Presentation is loading. Please wait.

Presentation is loading. Please wait.

Silviculture Elements of Forestry Kenneth Williams

Similar presentations

Presentation on theme: "Silviculture Elements of Forestry Kenneth Williams"— Presentation transcript:

1 Silviculture Elements of Forestry Kenneth Williams
Fisheries Extension Specialist Langston University Aquaculture Extension Program

2 Silviculture - “Growing trees”. The biological aspect of forest management subject to economic and environmental constraints. Purpose – to enhance timber production, wildlife habitat, stream flow and the aesthetic qualities of the forest. The manipulation of forest stands to accomplish set objectives.

3 Silviculture Silviculture practices may be designed to mimic natural processes in forest development but often in ways that speed natural development.

4 Even-aged stand development
Begins with sudden removal of the tree canopy by logging or by natural means such as fire or wind storms.

5 Even-aged stand development
Seedlings quickly establish themselves on the open, sun lit ground. Even-aged stand development

6 Even-aged stand development
In years the seedlings have grown enough to form a new closed canopy of trees all about the same age. This is a young forest and is called an even-aged stand. Even-aged stand development

7 Even-aged stand development
Existence of an even-aged stand indicates that that the previous stand was removed over a short period of time. Whatever the cause. Seedling establishment can take over 10 years, so even-aged stand trees can be years old in a young stand.

8 Even-aged stand development
Trees are all about the same size in a young stand but as the stand matures, tree size varies due to species and individual tree genetics. Even-aged stand development

9 Classification of even-aged stands by size
Seedlings – less than 1 meter tall (3.3 ft.) Saplings – taller than 1 m. up to 4 inches in diameter. Poles – trees 4-10 inches in diameter. Mature – inches in diameter. Overmature – A large number of the trees becoming senescent.

10 Seedling

11 Sapling

12 Pole

13 Mature

14 Even-aged stands Rotation age – The age of the stand at the time of a planned harvest.

15 Competition in even-aged stands
Competition for light and other resources is severe in young stands. The canopy of slower growing trees may be covered by other trees and not receive adequate light. Trees are often categorized by their position in the canopy.

16 Dominant – Trees that project somewhat above the general level of the canopy. They receive direct sunlight from above and some from the side. Crown classes

17 Crown classes Codominant – Canopy trees of average size that receive direct sunlight from above but little light from the sides.

18 Crown classes Intermediate – Trees with crowns extending into the canopy layer but crowded on all sides. Only the top of the crown receives direct sunlight.

19 Crown classes Suppressed – Trees with crowns completely overtopped by surrounding trees. They receive no direct sunlight except for where small gaps in the canopy exist. Once a tree has become suppressed it has little chance of regaining a dominant position in the canopy.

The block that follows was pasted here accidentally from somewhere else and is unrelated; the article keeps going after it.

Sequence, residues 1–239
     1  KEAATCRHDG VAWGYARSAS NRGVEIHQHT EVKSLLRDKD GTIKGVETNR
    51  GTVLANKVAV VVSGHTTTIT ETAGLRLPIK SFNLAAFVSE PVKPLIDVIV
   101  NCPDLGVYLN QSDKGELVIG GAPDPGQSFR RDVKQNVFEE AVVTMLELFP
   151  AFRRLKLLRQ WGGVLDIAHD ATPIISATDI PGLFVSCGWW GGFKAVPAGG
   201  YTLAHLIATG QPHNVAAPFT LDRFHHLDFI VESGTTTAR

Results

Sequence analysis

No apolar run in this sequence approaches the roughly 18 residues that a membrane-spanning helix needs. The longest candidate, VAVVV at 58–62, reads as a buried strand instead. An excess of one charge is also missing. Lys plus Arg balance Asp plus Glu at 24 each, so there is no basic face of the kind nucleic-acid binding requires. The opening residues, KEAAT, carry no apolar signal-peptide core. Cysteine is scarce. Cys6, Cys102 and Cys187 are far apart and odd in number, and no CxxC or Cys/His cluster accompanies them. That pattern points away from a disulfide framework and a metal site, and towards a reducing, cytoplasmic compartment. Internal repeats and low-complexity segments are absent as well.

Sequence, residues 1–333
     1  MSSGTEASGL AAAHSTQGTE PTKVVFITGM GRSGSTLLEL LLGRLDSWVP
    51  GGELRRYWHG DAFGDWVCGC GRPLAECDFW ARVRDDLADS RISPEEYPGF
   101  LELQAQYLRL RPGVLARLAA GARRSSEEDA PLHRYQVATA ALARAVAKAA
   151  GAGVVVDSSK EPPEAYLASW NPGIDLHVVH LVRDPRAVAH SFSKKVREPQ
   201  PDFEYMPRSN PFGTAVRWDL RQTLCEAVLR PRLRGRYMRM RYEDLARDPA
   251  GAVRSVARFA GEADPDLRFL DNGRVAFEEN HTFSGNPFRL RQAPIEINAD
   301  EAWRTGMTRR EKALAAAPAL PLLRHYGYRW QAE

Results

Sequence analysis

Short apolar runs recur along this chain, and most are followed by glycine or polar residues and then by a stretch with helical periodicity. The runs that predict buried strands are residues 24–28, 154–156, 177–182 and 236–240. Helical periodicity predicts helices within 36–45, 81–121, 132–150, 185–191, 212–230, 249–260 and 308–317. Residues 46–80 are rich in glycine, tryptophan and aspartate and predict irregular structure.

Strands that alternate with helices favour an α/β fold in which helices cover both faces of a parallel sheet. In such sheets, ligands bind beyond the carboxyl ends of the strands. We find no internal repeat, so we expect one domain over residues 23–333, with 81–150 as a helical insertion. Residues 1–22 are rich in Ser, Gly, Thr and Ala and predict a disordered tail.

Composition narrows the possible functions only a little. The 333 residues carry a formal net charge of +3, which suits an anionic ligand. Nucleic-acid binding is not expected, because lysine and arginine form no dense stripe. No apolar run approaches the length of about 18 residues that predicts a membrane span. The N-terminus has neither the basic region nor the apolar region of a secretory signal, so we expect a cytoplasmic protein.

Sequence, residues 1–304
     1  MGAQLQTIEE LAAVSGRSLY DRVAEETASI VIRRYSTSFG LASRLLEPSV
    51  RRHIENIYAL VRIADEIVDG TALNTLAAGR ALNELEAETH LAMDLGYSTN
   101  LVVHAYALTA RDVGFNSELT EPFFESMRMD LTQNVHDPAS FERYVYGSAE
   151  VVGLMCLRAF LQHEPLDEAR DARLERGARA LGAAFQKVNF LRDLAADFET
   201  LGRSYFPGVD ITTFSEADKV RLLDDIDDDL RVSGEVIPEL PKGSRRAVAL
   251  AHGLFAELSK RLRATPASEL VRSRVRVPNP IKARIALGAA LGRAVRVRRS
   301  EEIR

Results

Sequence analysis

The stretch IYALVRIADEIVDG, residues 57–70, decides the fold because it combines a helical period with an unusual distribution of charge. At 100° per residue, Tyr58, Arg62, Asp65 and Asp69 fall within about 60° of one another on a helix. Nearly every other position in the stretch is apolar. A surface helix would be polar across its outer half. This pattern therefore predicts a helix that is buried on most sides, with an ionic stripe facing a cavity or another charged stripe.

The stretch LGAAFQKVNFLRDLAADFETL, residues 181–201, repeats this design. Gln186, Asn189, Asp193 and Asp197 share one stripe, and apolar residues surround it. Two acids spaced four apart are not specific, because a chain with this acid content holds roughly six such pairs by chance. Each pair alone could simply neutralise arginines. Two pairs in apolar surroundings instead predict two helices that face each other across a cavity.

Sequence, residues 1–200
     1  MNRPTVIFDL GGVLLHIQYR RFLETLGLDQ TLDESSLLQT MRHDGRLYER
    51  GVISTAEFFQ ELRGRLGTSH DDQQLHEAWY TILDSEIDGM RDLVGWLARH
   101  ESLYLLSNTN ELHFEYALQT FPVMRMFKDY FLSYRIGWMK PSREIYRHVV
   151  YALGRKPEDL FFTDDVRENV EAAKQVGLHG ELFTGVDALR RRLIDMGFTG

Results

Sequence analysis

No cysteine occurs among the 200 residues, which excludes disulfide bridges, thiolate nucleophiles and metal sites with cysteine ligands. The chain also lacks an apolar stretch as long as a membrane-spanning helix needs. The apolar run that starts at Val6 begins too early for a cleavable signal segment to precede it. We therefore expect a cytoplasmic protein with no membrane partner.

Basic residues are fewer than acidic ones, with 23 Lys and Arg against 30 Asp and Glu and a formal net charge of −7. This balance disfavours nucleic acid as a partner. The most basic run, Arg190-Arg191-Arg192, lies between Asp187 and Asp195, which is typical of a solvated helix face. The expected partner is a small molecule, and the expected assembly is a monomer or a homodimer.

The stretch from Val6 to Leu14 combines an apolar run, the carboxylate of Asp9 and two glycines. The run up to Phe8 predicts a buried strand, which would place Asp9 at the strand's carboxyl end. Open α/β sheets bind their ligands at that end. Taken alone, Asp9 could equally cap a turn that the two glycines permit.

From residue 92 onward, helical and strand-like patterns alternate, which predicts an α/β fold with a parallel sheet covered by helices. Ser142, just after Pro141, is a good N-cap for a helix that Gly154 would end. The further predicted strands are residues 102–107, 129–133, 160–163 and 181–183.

20 Crown classes Dominant Codominant Intermediate Suppressed

21 Even-aged stand maturation
Suppressed trees have a high mortality rate. Tree numbers in even-aged stands are reduced by 50-60% by competition in about 40 years. This is a self-thinning process.

22 Even-aged stand maturation
Small trees growing beneath the canopy may not be younger than much larger trees. In fast growing stands, intermediate trees may become suppressed in the near future.

23 Uneven-aged stands Even-aged stands gradually become uneven-aged stands in which 3 or more age classes are intermixed. By the time the stand reaches the pole stage an understory of shrubs and seedlings has developed. When mature canopy trees begin to die at different ages, gaps in the canopy are filled with understory trees.

24 Even-aged stand maturation
In uneven-aged stands, suppressed trees are often younger than overstory trees. Uneven-aged stands are characteristic of the later successional stages. Because replacement trees often grow in the shade and in small gaps in the canopy, these stands are often dominated by shade tolerant species.

25 Pure versus mixed stands
Under natural conditions trees may occur in nearly pure stands of a single species or in mixtures. Pure stands are often even-aged and result from some catastrophe. When pure stands are established artificially they are called monocultures. Pure versus mixed stands

26 Pros of pure stands Easier to manage pure stands.
Lower costs of cultural treatments and harvest methods. Economic value often greater than a mixed stand.

27 Pros of mixed stands More aesthetically pleasing.
Greater carrying capacity for wildlife. More insect and disease resistant, but not always.

28 Treatments to improve existing stands
Spacing and stand density adjustment. Removal of poorly formed or diseased trees. Pruning Salvaging dead or dying trees Fertilization

29 Treatments to improve species composition
Sometimes difficult – some species may be very well adapted to the site and difficult to suppress. Best done when favored trees are very young and still capable of responding to release from competition.

30 Treatments to improve species composition